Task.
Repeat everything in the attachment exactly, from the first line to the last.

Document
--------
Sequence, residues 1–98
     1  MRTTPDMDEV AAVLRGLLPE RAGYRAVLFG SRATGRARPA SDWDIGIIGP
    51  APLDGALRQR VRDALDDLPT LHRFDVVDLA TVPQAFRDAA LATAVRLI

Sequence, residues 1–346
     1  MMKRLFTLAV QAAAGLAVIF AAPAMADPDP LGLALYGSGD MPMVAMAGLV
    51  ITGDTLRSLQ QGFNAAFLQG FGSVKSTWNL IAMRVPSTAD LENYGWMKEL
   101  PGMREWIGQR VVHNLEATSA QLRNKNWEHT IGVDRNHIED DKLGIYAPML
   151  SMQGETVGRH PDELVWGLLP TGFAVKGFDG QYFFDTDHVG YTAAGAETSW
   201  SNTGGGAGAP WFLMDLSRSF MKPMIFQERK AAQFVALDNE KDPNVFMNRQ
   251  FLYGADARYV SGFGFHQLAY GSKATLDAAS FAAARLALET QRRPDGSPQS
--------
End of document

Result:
Sequence, residues 1–98
     1  MRTTPDMDEV AAVLRGLLPE RAGYRAVLFG SRATGRARPA SDWDIGIIGP
    51  APLDGALRQR VRDALDDLPT LHRFDVVDLA TVPQAFRDAA LATAVRLI

Sequence, residues 1–346
     1  MMKRLFTLAV QAAAGLAVIF AAPAMADPDP LGLALYGSGD MPMVAMAGLV
    51  ITGDTLRSLQ QGFNAAFLQG FGSVKSTWNL IAMRVPSTAD LENYGWMKEL
   101  PGMREWIGQR VVHNLEATSA QLRNKNWEHT IGVDRNHIED DKLGIYAPML
   151  SMQGETVGRH PDELVWGLLP TGFAVKGFDG QYFFDTDHVG YTAAGAETSW
   201  SNTGGGAGAP WFLMDLSRSF MKPMIFQERK AAQFVALDNE KDPNVFMNRQ
   251  FLYGADARYV SGFGFHQLAY GSKATLDAAS FAAARLALET QRRPDGSPQS